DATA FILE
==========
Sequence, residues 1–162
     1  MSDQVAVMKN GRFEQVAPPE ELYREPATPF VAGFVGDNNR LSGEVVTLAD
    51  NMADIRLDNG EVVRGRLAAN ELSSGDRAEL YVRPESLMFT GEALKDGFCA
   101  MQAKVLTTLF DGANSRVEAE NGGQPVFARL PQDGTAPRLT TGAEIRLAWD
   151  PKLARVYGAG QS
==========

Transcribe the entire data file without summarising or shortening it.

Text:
Sequence, residues 1–162
     1  MSDQVAVMKN GRFEQVAPPE ELYREPATPF VAGFVGDNNR LSGEVVTLAD
    51  NMADIRLDNG EVVRGRLAAN ELSSGDRAEL YVRPESLMFT GEALKDGFCA
   101  MQAKVLTTLF DGANSRVEAE NGGQPVFARL PQDGTAPRLT TGAEIRLAWD
   151  PKLARVYGAG QS